Back in the 1990s, Brian Jose Chavez — one of the members of the football team immortalized in the book “Friday Night Lights” — had good reason to stay in his family’s law practice in Odessa, Texas. His father had been convicted of a felony, sent to prison and disbarred. But on May 9, Chavez began learning what life is like with a second-degree felony on his record and without his law license.
On July 15, 2010, Brian Chavez pleaded guilty to burglary of a habitation with the intent to commit assault. Chavez’s lawyer, Odessa solo Michael McLeaish, says his client’s offense involved a dispute at a residence. The parties got into a dispute, and Brian returned to the house “to settle the matter and it got out of hand,” McLeaish says.
Chavez was sentenced to deferred adjudication and community supervision for five years. He says he settled a civil suit against him brought by the victim.
Texas Assistant Attorney General Wes Mau, who prosecuted Chavez after the Ector County District Attorney’s Office recused itself, did not return a telephone call seeking comment.
Chavez signed an agreed judgment of suspension with the State Bar of Texas in April, which prevents him from practicing law from May 9 until Dec. 15, 2015. He is required to notify every justice of the peace, judge, magistrate and chief justice of each and every court of his suspension. He also must notify his current clients in writing of his suspension and return all their files, papers and unearned fees paid in advance.
Chavez and his life story are familiar to many. His teenage years are forever captured in “Friday Night Lights,” H.G. “Buzz” Bissinger’s book about football-obsessed Odessa and Chavez’s time as a high school football player on the 1988 Permian Panthers’ squad, which went to the state championship and lost to the Carter Cowboys of Dallas. The book later was turned into a movie and a television series.
Chavez went on to attend Harvard University and on scholarship to Texas Tech University School of Law before returning home to Odessa in 1996 to practice law with his father at the Chavez Law Firm. [ See "All-American Attorney," Texas Lawyer, Nov. 1, 2004, page 1. ]
Although he had the resume and the smarts to practice anywhere in Texas, his decision to live and work in Odessa was solidified in 1998 when his father, criminal-defense lawyer Tony Chavez, pleaded guilty in the U.S. District Court for the Western District of Texas, in Pecos, to a federal charge of accessory after the fact. In a 2004 interview with Texas Lawyer, Tony described his conviction as the result of him inappropriately delivering money from one potential client to another client. Tony spent 16 months in federal prison and lost his bar card. After his release from prison, he returned to his law office and worked as a legal assistant for his two lawyer-sons, Brian and Adrian Chavez.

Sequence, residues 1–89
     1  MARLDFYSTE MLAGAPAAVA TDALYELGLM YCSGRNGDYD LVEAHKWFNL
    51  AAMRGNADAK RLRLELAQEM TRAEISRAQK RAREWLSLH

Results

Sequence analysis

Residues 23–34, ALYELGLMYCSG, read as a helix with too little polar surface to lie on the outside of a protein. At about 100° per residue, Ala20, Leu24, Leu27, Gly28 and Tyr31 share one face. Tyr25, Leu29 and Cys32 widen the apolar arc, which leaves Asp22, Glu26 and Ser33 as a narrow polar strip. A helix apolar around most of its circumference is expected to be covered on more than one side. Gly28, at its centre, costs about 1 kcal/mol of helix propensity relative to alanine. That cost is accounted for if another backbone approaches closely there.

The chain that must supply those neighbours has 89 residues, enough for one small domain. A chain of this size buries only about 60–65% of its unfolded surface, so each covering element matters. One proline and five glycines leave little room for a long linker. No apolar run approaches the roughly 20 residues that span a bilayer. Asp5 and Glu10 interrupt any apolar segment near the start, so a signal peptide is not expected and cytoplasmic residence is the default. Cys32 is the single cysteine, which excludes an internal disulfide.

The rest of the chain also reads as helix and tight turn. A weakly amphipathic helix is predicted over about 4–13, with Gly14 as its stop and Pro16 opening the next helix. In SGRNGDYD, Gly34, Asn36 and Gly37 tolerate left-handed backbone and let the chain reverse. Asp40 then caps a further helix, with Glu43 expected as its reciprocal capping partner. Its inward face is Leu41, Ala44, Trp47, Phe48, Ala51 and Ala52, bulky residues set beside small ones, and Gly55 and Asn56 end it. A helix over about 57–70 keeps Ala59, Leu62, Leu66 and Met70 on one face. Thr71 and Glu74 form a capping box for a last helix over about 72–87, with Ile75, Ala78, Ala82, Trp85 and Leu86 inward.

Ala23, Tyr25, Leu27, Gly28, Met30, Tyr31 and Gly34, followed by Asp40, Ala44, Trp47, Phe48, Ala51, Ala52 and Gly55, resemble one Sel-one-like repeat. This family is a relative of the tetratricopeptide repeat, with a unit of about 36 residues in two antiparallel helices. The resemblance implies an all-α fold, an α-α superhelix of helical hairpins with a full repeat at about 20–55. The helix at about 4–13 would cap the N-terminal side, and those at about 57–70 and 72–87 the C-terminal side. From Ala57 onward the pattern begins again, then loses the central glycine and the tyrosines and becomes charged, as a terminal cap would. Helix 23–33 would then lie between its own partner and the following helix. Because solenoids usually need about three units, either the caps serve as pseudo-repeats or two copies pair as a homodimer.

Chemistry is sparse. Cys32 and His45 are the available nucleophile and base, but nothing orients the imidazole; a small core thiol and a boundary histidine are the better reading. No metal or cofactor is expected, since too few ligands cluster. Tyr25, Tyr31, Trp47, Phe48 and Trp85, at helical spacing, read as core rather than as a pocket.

Now Brian will be in the legal assistant role for the next four-and-a-half years until his Bar suspension is over, he says. “It’s pretty much going to be what my dad was doing. I’ll be running the office, and I’ll be a legal assistant,” Brian says. “I know I’m lucky, and I’m thankful. It’s a family business where you take care of each other. I’ll still be getting my same salary. But what we’re losing is my court appointments.”
Brian says he remembers how his father waited five years after serving his prison sentence to apply to the State Bar to get his law license back. Tony also had to retake the Texas bar exam. Tony regained his law license in November 2010.
“His biggest words of wisdom when all this went down were, ‘This, too, shall pass,’ ” Brian says of his dad’s advice. “ I saw everything that he went through. He got through this, and I know I can.”
Brian pursued an appeal before the Board of Disciplinary Appeals (BODA) in which he challenged whether the charge he pleaded to was a crime of “moral turpitude.” But if BODA had disagreed with his argument, he risked disbarment, Brian says. So he withdrew the appeal and decided to accept an agreed suspension.
“If you’re suspended, it’s up when the suspension is. Once you’re disbarred, you have to wait five years before you can reapply to petition back into the Bar. And then you have to take the bar exam,” Brian says. “You’re looking at probably six or seven years longer if you’re disbarred rather than if you’re suspended.”
Tony says he’s glad Brian didn’t risk disbarment. “It’s frustrating and humiliating, actually,” Tony says of his own disbarment. “It’s funny. The punishment that I had — the time that I spent waiting for this [to reapply to the Bar] — that was more punishment than the actual incarceration. Anytime you go anywhere you have to go through the slings and arrows of public opinion.” That was plenty of punishment in Odessa, where Tony is well-known, he says.
Tony says he has regrets about Brian’s decision to practice law in his hometown. “Here, he graduated from Harvard. He could have practiced anywhere in the world. And he gets back here and gets involved in something that just got totally out of hand. Weird things can happen to anyone,” Tony says.